Michael Liang, PhD., the Sophic Principal investigator responsible for the SCan-MarK project, said:

We considered the full range of biomarker papers with a range of data and various confidence levels but decided to curate only papers rich with clinically relevant information supported by strong evidence derived from human experiments. The Sophic team mined and selected papers for manual curation based on the quantity and quality of evidence in each paper and the value of the information to researchers. Sophic scientists studied each paper to identify and extract up to 33 CDEs that are the building blocks for SCBOs. To date, we have curated over 1,400 papers in order to extract these highly structured “building blocks”. The CDEs also function as information hooks that relate to other SCBOs and, more importantly, as bridges to valuable information stored in our bank of enrichment databases.

Patrick Blake, Sophic’s President, said:

Phase II of the SBIR Program gave us 2 years to develop SCan-MarK so we focused on quality information vs. quantity in our mining and curation efforts. Our strategy was to concentrate the time-consuming manual curation efforts to focus on five of the most deadly diseases: breast, ovarian, colon, Non-Hodgkin’s lymphoma and melanoma. This allowed Sophic scientists to dig very deep into the full text papers to extract valuable details while in parallel, integrating information from over 30 enrichment databases that help scientists “connect the dots” between biomarker targets with quality information in widely used data sources. Scientists can now save time and avoid dead-end research projects by accessing rich biomarker information related to pathways, sequence, mutations, etc., in a single system. Our strategy from the beginning was to collaborate with the cancer community, so we are grateful for the support we received over the past 2 years from each member of our Scientific Advisory Board. It would have been impossible to develop a comprehensive, multi-purpose system like SCan-MarK Explorer without their help.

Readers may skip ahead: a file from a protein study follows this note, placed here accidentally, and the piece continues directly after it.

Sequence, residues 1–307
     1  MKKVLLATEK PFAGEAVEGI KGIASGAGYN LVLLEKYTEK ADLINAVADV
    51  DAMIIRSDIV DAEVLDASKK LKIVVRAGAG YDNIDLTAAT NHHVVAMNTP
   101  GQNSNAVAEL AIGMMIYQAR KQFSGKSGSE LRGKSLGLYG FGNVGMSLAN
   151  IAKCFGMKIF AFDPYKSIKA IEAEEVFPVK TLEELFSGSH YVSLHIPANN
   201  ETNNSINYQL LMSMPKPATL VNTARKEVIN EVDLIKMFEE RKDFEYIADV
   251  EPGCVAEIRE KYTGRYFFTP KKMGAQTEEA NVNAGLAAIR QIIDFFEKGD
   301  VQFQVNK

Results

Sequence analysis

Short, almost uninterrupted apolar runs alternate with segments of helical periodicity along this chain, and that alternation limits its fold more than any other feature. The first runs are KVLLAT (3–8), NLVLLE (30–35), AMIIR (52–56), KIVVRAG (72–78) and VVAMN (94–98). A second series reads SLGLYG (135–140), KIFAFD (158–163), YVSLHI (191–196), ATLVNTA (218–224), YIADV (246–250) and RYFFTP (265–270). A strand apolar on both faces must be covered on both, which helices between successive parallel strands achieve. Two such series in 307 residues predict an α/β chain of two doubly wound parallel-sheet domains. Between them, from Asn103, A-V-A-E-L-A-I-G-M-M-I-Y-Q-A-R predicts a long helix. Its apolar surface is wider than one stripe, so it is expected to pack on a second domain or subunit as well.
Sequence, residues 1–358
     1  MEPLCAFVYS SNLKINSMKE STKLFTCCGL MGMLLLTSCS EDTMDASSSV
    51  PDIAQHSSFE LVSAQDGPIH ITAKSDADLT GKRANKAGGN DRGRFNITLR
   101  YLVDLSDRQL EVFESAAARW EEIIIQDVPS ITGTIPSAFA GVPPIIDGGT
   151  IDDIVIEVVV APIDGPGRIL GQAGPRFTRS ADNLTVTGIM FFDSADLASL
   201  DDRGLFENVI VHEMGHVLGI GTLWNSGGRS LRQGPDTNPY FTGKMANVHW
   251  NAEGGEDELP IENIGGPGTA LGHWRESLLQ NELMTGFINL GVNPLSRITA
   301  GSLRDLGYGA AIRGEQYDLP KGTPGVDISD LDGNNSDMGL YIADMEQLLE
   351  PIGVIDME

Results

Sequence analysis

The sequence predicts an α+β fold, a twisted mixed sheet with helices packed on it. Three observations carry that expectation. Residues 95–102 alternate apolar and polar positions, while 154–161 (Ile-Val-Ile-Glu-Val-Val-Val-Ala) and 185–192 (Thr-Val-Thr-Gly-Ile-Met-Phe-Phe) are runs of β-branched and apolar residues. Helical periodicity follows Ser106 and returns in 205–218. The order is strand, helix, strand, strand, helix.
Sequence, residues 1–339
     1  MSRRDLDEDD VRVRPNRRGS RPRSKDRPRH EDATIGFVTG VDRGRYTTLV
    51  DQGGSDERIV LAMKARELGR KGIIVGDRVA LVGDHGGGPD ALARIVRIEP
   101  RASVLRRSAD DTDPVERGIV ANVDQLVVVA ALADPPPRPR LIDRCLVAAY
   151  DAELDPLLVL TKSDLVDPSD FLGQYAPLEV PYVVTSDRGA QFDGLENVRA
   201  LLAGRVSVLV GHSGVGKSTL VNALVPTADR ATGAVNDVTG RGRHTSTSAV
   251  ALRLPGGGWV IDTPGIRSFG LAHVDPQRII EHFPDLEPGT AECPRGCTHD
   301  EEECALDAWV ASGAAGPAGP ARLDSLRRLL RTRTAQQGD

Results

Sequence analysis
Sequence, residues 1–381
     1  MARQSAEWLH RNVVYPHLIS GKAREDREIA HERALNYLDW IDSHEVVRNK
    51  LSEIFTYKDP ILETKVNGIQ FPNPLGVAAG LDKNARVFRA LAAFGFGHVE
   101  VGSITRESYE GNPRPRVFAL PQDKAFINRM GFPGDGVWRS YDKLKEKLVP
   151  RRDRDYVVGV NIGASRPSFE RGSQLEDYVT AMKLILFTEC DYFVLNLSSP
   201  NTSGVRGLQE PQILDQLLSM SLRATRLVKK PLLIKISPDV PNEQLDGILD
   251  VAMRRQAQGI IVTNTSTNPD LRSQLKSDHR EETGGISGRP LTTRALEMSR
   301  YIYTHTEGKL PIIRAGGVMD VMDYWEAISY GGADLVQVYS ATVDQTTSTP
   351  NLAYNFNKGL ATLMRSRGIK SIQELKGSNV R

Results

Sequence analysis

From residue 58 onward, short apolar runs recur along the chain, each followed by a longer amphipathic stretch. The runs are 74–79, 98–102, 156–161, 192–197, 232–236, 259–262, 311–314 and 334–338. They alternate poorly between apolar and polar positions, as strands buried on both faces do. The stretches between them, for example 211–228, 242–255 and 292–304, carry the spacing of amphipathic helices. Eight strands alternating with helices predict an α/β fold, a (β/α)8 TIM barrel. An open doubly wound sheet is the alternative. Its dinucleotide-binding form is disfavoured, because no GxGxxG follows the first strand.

SCan­‐MarK Explorer is a software­‐as­‐a­‐service offering that will provide scientists with quarterly updates and enhancements to the BioXM software configuration. Sophic provides a 2-­week free trial for scientists to evaluate a sample of the curated information and the power of BioXM on the company’s website. Government and academic researchers can license SCan-­MarK Explorer as a hosted, annual term service. SCan­‐MarK will be licensed for installation at commercial biotechs, pharmaceuticals and government/academic institutions. Sophic also provided a wide range of contract research services.

Source: Sophic Systems Alliance